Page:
- The Washington Times - Monday, July 20, 2020

“Uncle Tom,” a film about Black conservatives hosted by Larry Elder, has become a surprise hit, topping the industry documentary charts despite little publicity outside the right-of-center media sphere.

The movie-industry site IMDb ranked “Uncle Tom” first in popularity in the documentary sub-category, and sixth among documentary movies and TV shows, after ringing up $400,000 in download sales during its first week of release.

“It’s an impressive showing for a film with microscopic media fanfare and virtually no coverage outside of conservative channels,” said film critic Christian Toto on his Hollywood in Toto website.

Mr. Elder, who co-wrote and co-produced the documentary, billed as “an oral history of the American Black conservative,” marked the success of the provocatively titled film with a celebration dance on his Twitter account.

“‘Uncle Tom,’ per IMDb, is the #1 documentary IN THE WORLD,” tweeted Mr. Elder, a Los Angeles-based radio host. “How about a little love?”

Directed by Justin Malone, the documentary features interviews with prominent figures such as Robert Woodson, Allen West, Carol Swain and Candace Owens, as well as ordinary citizens talking about their experiences as Black conservatives in a society that expects Blacks to toe the liberal line.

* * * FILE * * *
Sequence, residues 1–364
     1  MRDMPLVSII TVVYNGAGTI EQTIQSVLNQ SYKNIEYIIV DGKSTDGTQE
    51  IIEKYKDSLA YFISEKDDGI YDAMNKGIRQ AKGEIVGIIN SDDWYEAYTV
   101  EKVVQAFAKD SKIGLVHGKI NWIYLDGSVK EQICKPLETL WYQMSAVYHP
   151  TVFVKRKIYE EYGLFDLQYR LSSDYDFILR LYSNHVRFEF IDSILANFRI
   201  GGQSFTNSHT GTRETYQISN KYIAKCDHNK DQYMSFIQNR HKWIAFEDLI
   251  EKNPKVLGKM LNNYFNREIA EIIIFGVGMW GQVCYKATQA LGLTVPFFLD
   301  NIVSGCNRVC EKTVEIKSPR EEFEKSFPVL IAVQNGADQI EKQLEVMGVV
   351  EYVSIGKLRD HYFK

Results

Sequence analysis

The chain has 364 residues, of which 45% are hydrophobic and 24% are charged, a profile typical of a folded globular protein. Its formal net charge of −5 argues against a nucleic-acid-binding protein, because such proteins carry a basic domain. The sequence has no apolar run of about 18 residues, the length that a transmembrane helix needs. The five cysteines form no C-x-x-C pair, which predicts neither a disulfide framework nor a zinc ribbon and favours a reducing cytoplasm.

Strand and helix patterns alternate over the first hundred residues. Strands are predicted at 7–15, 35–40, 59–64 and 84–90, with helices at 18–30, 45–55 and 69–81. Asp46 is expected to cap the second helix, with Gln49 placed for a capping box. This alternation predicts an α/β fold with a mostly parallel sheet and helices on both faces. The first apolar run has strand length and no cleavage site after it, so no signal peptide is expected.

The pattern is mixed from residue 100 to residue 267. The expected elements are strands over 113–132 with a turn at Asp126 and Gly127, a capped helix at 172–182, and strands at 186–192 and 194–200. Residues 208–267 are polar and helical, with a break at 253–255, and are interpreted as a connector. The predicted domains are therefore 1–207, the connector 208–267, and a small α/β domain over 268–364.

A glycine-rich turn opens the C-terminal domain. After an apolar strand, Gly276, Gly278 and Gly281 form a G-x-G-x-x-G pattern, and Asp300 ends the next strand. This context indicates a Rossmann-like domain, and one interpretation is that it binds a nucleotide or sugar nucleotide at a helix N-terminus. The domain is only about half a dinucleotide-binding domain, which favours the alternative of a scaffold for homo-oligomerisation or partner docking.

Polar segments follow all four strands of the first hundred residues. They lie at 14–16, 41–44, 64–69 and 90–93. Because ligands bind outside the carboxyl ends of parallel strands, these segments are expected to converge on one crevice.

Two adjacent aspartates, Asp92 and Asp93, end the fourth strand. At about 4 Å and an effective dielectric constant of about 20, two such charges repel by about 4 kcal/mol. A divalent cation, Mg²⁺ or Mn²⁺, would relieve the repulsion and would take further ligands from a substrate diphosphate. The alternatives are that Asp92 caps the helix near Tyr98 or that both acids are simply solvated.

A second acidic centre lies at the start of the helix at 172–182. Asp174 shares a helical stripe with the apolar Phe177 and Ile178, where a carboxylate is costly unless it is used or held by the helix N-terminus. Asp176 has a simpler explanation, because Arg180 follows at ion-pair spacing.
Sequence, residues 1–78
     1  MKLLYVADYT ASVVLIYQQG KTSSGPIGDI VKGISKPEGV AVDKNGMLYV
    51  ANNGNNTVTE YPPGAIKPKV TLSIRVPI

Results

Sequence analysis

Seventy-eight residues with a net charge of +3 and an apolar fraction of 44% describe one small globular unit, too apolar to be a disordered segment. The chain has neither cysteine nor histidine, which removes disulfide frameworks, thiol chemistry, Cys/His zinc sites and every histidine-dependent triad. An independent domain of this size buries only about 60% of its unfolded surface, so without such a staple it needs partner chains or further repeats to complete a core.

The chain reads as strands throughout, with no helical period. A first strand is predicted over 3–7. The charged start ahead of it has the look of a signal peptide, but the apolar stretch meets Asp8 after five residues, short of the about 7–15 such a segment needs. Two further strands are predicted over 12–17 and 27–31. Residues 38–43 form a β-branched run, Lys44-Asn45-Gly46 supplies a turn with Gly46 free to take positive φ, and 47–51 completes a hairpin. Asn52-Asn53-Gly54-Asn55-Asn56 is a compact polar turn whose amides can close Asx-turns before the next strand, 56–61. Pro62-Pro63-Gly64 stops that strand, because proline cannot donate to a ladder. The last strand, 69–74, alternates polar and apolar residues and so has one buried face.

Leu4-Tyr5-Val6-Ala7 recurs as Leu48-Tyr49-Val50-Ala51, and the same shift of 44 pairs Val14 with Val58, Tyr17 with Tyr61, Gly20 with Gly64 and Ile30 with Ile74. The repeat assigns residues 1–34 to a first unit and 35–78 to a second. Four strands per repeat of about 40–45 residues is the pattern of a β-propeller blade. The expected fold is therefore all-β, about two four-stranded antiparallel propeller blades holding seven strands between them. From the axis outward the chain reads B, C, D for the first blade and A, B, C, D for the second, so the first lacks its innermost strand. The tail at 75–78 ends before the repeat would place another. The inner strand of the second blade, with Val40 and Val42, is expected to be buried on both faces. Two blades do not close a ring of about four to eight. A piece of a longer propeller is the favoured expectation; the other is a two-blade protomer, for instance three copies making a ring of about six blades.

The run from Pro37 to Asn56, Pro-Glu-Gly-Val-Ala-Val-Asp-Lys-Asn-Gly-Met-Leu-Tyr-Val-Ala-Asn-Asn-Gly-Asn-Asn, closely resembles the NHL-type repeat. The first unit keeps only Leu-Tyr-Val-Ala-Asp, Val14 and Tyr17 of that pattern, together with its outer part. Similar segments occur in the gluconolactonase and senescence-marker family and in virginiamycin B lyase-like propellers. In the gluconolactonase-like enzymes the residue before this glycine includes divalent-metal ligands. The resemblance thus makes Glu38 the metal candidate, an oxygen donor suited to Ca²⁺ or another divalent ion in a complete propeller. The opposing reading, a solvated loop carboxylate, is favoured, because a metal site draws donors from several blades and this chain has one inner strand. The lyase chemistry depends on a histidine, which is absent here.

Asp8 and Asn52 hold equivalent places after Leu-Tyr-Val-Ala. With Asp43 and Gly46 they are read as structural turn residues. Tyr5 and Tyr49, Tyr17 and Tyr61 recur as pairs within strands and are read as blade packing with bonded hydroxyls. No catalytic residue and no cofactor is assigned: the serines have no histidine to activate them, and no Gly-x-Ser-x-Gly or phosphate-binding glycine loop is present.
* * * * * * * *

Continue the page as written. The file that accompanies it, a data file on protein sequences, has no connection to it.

Former Vice President Joseph R. Biden reinforced the political stereotype in a May interview with Charlamagne tha God, declaring, “if you have a problem figuring out whether you’re for me or Trump, then you ain’t Black.”

The Democrat Biden said afterward he regretted the comment.

Released June 19, “Uncle Tom” is available only on demand at SalemNow, and currently only for streaming, given that DVD copies are on backorder “due to extremely high demand,” according to the website.

Mr. Toto noted that the film website Rotten Tomatoes has yet to rank “Uncle Tom” in terms of audience or critical reception. The site only lists two reviews, both positive, from Film Threat and Matt’s Movie Reviews.


• Valerie Richardson can be reached at vrichardson@washingtontimes.com.

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